Wednesday, September 22, 2010

Implied Setting Details: Green Slime

Green Slime has been regarded by many as less of a monster and more of a hazard given hit points. But in Classic D&D it has a movement rate--extremely slow, but it does move. And more telling, it has a Morale score of 7 in Mentzer D&D*.

If it can break and run, or at least stop attacking, it's not a hazard like a pool of lava or a fountain of acid that looks like water.

*Morale is 12 in Moldvay Basic, but it can move. OD&D, Holmes and AD&D all list it as immobile, and don't list Morale scores. Is Mentzer a typo? Don't know, but I think I like the implications of Green Slime breaking morale.


  1. That is a little odd, although not surprising. For what it's worth, it's got a move of zero but a morale of 10 in 2e. :P

  2. I wonder how one would demoralize a slime?

  3. I wonder what the difference would be, if it can't move.

    Though that seems like an awful way to live, quivering in terror but unable to form any sort of ambulatory motion away from your fears. Like living in a nightmare, except you're no peach yourself.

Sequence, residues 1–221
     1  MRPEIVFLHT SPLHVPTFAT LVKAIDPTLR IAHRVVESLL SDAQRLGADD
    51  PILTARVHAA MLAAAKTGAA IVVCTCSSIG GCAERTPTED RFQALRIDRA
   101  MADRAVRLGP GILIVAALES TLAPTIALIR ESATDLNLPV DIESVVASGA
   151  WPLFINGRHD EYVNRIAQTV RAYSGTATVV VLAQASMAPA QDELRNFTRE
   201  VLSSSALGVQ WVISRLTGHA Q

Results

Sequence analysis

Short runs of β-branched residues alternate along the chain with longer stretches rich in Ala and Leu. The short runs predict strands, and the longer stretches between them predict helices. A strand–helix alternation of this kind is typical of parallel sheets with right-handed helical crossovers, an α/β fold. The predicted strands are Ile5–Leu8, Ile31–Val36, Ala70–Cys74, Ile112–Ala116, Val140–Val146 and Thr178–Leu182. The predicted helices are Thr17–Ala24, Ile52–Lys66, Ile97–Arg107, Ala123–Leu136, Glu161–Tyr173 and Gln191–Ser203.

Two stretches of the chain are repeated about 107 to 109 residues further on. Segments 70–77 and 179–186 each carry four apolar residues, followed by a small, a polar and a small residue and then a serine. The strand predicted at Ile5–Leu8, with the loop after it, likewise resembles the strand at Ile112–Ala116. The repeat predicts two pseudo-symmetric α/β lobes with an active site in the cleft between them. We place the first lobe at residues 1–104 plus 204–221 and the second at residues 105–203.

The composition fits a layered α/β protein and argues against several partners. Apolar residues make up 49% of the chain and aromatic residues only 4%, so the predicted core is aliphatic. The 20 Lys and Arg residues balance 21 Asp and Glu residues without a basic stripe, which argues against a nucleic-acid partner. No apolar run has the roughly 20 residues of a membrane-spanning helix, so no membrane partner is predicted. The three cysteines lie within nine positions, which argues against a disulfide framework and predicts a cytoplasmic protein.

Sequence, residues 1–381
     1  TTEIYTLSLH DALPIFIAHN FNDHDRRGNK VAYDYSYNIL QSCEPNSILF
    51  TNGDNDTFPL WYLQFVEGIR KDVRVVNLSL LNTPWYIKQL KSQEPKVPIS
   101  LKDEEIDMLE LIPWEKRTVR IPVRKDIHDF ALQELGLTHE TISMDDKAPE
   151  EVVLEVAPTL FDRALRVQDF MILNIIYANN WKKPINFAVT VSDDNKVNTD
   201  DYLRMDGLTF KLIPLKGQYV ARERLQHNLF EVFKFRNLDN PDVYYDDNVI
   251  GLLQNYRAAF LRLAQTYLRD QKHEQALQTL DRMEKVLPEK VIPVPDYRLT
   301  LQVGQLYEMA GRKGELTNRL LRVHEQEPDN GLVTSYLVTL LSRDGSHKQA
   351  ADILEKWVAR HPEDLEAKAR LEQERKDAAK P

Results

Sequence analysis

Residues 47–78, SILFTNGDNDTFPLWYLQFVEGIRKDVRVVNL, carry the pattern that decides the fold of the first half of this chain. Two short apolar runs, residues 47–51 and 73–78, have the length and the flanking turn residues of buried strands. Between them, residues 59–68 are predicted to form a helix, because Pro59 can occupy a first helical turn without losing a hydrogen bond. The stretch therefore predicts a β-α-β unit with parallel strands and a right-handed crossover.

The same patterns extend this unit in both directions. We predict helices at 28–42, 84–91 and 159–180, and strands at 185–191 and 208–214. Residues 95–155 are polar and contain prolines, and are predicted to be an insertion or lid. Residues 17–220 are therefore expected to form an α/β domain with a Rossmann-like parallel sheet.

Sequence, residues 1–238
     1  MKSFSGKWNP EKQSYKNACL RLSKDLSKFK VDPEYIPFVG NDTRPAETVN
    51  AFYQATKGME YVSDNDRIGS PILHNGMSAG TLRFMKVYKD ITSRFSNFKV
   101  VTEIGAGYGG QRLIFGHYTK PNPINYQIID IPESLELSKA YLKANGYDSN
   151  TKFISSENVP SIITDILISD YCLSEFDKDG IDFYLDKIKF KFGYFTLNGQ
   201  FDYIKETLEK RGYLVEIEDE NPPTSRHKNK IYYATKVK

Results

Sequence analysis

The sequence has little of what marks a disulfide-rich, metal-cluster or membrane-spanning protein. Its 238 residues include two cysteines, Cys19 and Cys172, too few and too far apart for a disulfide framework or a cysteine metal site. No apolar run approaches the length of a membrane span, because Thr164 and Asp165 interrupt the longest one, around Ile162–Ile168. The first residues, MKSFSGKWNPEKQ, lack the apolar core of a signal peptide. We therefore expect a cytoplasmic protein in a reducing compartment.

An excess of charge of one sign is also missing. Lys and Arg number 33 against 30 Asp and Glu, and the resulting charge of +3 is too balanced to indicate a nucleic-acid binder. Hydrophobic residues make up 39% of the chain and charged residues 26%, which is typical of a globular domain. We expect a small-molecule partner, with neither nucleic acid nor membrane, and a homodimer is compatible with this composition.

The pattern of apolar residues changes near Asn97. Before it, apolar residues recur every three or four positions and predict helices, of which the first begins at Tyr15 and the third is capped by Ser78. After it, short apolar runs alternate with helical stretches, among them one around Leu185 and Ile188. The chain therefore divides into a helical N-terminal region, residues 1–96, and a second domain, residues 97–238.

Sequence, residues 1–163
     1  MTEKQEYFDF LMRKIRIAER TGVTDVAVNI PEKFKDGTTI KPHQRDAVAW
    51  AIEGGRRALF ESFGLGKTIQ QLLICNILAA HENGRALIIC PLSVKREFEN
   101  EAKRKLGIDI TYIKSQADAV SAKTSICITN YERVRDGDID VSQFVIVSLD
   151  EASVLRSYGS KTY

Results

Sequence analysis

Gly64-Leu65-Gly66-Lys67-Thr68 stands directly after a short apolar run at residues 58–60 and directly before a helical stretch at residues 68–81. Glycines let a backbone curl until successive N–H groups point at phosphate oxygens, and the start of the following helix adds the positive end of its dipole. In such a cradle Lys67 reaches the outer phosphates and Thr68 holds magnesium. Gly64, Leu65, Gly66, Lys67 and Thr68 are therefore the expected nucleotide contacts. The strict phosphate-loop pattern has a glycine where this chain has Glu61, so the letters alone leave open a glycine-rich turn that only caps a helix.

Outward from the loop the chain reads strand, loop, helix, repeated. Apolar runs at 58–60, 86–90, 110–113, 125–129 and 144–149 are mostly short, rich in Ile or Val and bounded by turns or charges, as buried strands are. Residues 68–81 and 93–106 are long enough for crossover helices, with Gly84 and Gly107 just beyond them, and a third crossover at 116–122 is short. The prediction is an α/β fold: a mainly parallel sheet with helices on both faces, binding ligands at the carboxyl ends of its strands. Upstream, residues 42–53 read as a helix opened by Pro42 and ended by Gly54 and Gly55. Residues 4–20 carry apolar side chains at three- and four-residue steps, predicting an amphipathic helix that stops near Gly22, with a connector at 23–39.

4. Well, in BX and BECMI, it's got a move of 3(1) and since they actually use feet/yards instead of table inches in those editions, that means it moves at a stately 3 feet per 10 minutes in a dungeon, but can rev it up to 1 foot per round if necessary.

    I assume if it loses morale it just stops trying to glob other adventurers, and slowly starts slinking away.

    I'm sure that in all my years of DMing, I've never rolled a morale check for a green slime, but I'm going to from now on!

  5. You should check out this movie:

    I'm fairly sure it is the origin of Green Slime...

  6. I assume you could make a slime fail morale by threatening it with fire. Maybe make it back off.